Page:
“Bush condemns Jerusalem bombing ‘in strongest possible terms'” (MSNBC TV). Well of course he does. But he shouldn’t have facilitated the attack by criticizing Israel in a way that made clear he regards cutting a deal as the main goal of his efforts. He shouldn’t have criticized Israel for defending itself — doing on a small scale what the U.S. has done on a large one. He shouldn’t have put the screws on Israel while publicly overlooking continued Arab (except maybe Jordanian) hostility to Israel and sympathy for Palestinian terrorism. He shouldn’t have tolerated the Palestinian leadership’s good-cop/bad-cop game. His inconsistency signals weakness, and it’s no surprise under the circumstances that the Palestinians continue to make terror attacks. For them, it pays.
Bush is repeating Clinton’s “peace process” blunder. He is more honest, reliable, and determined than Clinton was, but resolve alone can’t overcome faulty logic and perverse incentives. He has recreated a familiar situation: we pressure one side to make territorial concessions whenever the “peace process” bogs down; meanwhile the other side — assumed to be irresponsible-but-trying-hard — is held to a lower standard and bears little or no political cost for inciting and carrying out violent attacks. Predictably these attacks bog down the “process” and give the irresponsible side a negotiating advantage. It therefore shouldn’t surprise us that the violence continues. No deal will succeed until either Israel crushes the Palestinians militarily, which we won’t allow, or the Palestinians decide they have more to gain by peace than war. They aren’t even close to being there yet. Bush should do a U-turn on his “roadmap.”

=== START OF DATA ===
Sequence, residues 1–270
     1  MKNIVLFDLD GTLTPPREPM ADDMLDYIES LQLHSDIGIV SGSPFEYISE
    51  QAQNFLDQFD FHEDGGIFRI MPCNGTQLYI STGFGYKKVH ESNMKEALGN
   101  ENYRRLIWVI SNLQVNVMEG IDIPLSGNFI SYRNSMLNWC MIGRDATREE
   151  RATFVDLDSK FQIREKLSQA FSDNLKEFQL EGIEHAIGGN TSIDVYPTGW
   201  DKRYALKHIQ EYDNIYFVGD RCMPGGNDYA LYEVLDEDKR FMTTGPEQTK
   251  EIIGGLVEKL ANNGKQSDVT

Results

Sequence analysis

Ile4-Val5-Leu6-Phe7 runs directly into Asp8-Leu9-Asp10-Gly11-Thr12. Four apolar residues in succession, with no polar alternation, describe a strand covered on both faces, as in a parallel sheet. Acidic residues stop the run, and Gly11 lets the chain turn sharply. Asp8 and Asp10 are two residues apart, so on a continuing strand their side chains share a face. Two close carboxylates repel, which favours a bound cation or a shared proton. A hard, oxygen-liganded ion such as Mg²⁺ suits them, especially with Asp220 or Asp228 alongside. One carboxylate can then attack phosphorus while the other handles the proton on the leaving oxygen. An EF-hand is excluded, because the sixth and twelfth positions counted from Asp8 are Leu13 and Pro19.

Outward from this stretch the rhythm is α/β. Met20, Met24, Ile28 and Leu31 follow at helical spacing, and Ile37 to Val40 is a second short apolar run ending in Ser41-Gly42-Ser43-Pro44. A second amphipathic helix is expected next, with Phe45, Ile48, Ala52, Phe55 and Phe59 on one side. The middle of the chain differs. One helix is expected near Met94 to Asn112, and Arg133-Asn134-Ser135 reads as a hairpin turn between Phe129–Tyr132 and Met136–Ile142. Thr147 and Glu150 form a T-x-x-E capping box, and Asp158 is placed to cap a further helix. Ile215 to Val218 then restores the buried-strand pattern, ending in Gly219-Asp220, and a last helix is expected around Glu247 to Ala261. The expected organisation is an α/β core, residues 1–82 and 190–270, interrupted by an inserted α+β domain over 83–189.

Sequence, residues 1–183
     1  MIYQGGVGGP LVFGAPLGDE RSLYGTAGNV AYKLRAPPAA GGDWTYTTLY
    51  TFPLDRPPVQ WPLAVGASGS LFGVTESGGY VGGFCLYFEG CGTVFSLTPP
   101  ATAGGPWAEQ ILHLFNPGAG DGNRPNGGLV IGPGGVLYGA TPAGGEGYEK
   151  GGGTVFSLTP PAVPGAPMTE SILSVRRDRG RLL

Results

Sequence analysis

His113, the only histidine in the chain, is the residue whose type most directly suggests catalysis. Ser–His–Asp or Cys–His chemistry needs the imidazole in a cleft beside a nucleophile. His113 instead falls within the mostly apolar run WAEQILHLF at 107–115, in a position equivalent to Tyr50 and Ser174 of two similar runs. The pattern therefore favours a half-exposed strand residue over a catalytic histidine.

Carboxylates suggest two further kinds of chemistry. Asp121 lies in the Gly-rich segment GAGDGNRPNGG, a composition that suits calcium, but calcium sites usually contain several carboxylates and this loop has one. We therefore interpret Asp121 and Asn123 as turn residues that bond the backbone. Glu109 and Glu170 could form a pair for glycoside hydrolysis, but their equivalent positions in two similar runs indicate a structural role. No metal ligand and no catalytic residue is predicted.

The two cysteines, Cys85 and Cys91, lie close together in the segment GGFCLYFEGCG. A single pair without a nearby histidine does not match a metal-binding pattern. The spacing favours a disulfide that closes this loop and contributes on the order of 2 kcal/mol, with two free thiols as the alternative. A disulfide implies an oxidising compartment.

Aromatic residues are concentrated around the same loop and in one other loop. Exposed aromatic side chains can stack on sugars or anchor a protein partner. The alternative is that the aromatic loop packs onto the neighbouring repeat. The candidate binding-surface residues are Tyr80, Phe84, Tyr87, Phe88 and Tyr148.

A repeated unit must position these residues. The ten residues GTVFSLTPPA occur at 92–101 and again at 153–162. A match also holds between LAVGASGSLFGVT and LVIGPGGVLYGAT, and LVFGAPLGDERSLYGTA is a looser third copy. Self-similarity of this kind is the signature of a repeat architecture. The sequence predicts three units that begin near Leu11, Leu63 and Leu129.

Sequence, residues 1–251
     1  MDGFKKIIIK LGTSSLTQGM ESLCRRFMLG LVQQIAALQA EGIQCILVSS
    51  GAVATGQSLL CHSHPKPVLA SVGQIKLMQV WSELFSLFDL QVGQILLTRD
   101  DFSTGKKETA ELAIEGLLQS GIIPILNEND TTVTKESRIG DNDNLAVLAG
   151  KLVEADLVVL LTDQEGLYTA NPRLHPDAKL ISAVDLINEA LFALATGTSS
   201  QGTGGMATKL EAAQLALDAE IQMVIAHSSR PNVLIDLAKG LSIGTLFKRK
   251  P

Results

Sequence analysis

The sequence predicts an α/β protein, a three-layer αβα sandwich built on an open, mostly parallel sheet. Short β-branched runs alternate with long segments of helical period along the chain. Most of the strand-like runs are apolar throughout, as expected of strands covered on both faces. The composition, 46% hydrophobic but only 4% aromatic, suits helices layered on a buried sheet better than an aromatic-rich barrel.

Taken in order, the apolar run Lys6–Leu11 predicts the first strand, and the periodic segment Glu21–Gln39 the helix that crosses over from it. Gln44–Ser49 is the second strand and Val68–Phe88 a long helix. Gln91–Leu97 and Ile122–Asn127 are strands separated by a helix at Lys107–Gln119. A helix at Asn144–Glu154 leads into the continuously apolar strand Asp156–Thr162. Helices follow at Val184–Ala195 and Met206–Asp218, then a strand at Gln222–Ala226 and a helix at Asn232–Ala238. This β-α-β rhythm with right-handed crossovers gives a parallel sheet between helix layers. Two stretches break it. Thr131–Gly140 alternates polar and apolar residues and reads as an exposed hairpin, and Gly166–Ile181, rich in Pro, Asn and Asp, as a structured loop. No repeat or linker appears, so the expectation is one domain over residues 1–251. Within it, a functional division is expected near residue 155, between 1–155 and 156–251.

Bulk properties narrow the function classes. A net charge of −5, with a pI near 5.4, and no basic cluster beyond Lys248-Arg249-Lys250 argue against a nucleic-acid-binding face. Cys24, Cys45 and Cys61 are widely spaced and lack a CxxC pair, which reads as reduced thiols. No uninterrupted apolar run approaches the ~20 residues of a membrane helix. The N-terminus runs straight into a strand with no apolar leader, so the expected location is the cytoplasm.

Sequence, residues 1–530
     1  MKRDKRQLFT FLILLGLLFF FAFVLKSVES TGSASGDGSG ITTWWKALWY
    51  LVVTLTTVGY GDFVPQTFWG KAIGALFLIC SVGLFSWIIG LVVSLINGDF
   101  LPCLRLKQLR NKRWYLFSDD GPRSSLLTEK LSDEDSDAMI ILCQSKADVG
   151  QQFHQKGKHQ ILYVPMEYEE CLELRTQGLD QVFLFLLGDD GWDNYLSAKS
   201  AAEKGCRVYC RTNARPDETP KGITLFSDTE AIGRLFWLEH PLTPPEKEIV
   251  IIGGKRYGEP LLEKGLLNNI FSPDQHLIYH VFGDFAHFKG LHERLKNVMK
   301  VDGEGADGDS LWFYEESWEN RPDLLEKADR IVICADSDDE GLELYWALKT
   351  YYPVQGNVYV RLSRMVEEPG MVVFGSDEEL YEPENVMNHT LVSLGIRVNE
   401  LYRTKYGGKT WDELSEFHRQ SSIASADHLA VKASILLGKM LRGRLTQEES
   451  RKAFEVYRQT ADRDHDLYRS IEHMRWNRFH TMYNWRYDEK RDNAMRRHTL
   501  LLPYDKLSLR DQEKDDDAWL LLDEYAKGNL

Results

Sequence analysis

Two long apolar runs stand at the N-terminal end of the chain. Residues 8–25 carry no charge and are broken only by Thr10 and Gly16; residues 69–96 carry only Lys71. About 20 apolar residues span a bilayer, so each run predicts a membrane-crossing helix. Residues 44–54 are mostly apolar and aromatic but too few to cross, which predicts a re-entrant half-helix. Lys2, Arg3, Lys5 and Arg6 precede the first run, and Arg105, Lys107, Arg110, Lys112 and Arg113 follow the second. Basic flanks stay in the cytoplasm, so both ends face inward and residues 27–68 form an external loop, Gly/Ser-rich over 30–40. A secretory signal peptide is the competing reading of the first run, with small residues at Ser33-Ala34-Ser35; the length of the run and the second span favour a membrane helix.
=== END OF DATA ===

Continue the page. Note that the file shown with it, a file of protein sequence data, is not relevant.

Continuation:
Some governments are hopeless and not worth making deals with. We understood this about Iraq but for some reason ignore the obvious with regard to the Palestinian Authority. We are wishing and hoping that Arafat is no longer in control. Unfortunately, it’s clear by now that even if Arafat is no longer driving events, whoever is in charge is equally bad. The U.S., instead of leaning on Israel, which has already made a substantial preemptive concession by agreeing to shut down “settlements,” should be working harder to establish a reasonable government in the Palestinian territories. Only after this task is accomplished does an Israeli-Palestinian deal begin to make sense (just as no U.S.-Iraq deal was conceivable while Saddam Hussein was still in power). Bush should show more of his famous patience in dealing with these matters, instead of behaving like the immature Clinton who was impelled to go for a deal — any deal.
Val has some thoughts.
David Warren sees things plain.
UPDATE: Aaron comments (see the top comment).